Who will work for it?
A good team is the flowerbed on which your organisation will grow and flourish.+This section draws from: Mendizabal, E. (2016), Setting up a think tank: Step by step Learn more New organisations can be pulled in many directions and you could be tempted to enrol a bigger team that you can afford (or manage). Or you might end up with a team whose skills are not what your organisation needs. It is thus very important to set up a team focusing on your aims, business model and budget.
A think tank’s core team should involve a leader, a researcher (who may be the leader), a communicator and an administrator, although much of a new think tank’s administrative work may be carried out by the rest of the team and some of it can even be outsourced.
A good suggestion is to aim to keep initial costs low and build-in flexibility to the organisation. There are several options available to build in staffing flexibility and avoid full employment contracts at the beginning. For instance, working with consultants or associates using short-term contracts, developing partnerships with organisations with research or communications capacity, and so on (Mendizabal, 2016) +For more on different ways to work for researchers see Mendizabal, E. (2017), Funding models: The role of researchers. Learn more.
Another aspect to consider is the availability of researchers in your context, given that in some environments and countries, the offer of trained researchers is either scarce or very expensive (Yeo, 2013). An option to get around this is to hire young talent and train them (see section below for more on this). Another option is to develop policies that incentivise researchers to stay. For example, in order to stop high levels of turnover, Grupo Faro introduced a human resources reform in 2012 that introduced more certainty to staff members’ career paths. This was achieved by changing contractual terms, creating a human resources guide, developing a performance evaluation process and creating team-building opportunities (Echt and Cahyo Edi, 2015). At the Center for Global Development, the key to hiring and retaining staff is to give them plenty of freedom and responsibility so that they can shine and develop their careers (MacDonald and Moss 2014).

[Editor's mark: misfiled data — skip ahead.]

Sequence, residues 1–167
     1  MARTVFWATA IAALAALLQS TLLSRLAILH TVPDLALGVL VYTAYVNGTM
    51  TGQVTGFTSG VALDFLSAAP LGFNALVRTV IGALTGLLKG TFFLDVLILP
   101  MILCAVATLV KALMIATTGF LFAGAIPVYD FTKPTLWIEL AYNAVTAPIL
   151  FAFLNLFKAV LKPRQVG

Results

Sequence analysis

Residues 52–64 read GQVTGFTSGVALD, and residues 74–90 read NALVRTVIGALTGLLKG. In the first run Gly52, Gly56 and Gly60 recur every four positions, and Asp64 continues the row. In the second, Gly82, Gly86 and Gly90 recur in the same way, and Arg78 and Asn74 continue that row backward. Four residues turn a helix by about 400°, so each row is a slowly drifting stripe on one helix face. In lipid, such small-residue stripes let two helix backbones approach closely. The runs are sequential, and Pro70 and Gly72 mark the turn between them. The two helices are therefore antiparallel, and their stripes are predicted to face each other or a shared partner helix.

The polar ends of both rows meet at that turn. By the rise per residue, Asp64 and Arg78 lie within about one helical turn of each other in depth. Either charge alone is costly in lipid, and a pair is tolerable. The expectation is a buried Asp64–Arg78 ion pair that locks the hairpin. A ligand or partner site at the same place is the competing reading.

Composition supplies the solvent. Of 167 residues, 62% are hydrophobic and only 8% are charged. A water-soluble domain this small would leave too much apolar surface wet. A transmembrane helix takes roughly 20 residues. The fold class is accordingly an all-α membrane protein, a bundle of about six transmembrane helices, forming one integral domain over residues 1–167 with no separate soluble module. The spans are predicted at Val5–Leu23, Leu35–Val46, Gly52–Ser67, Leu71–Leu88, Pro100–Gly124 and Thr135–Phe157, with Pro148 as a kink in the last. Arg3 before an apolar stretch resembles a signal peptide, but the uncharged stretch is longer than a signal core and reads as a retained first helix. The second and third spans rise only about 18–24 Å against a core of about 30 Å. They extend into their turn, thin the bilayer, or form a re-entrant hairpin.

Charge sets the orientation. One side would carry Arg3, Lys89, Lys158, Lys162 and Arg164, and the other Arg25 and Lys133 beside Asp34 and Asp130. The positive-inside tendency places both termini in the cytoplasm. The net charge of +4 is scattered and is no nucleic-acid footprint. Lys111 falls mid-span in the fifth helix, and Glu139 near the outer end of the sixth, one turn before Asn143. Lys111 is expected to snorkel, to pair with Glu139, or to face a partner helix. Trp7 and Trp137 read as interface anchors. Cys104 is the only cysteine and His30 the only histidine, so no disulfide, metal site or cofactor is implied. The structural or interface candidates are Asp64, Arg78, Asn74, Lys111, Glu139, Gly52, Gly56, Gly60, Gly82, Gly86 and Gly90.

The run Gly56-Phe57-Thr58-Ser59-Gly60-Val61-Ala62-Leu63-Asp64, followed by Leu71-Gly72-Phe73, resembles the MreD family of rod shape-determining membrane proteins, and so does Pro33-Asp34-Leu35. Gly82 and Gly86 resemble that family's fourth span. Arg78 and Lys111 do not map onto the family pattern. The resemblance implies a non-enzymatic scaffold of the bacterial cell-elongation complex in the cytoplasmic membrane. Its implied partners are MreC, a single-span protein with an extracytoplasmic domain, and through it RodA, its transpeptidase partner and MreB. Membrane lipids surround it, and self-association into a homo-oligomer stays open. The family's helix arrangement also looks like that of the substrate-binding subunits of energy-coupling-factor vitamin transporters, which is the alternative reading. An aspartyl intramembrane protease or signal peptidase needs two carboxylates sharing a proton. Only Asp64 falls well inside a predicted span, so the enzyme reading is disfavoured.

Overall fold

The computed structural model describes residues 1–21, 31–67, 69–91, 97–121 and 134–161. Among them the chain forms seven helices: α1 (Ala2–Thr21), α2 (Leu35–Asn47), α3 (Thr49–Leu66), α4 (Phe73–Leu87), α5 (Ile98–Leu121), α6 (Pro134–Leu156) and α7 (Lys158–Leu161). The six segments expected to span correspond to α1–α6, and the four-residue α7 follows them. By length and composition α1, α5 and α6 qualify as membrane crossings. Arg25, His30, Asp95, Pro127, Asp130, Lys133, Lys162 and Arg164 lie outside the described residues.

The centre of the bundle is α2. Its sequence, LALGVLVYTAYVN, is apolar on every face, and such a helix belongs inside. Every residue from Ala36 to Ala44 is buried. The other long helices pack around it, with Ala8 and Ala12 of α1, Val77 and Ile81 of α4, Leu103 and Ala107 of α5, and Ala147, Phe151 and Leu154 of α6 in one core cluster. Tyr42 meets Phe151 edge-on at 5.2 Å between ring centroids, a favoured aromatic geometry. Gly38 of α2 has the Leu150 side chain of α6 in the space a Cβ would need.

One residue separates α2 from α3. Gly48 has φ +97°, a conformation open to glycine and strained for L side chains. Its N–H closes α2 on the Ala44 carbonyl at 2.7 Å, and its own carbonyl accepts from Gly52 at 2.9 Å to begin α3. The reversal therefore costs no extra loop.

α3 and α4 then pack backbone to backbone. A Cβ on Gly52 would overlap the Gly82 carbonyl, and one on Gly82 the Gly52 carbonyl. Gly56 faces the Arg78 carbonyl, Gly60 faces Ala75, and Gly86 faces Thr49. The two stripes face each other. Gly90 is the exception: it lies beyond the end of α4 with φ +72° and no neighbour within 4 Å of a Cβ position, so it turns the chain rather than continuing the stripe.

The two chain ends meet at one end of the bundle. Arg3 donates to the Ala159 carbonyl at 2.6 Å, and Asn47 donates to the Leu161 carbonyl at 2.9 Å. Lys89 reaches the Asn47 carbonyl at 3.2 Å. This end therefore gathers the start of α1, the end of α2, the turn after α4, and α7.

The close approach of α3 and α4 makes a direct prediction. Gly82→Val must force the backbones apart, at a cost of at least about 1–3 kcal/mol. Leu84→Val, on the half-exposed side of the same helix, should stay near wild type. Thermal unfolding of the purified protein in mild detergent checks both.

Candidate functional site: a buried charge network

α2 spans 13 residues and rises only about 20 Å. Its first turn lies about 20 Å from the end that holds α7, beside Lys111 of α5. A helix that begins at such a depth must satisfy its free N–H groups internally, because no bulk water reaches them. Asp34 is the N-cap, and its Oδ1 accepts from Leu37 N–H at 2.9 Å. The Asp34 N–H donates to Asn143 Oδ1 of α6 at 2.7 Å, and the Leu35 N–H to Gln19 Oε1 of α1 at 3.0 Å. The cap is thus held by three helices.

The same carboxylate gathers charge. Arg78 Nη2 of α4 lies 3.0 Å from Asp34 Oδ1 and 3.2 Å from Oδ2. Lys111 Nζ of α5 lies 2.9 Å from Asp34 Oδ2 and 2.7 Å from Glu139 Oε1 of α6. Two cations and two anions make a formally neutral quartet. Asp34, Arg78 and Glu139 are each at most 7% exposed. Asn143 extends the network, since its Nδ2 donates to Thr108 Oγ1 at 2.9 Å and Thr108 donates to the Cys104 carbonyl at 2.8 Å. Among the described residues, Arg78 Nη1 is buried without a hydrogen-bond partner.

Researchers’ skills + Section draws from Mendizabal, E. (2015c), The future of researchers. Learn more
As mentioned before, the type of skills that your staff needs will vary depending on your aims, business models and the type of activities you’re aiming to do.
Despite the variability of skills for different roles, think tank researchers nowadays should all have these three basic skills: research (this is a requisite); management (at least to manage a research project and raise and manage funds); and communication.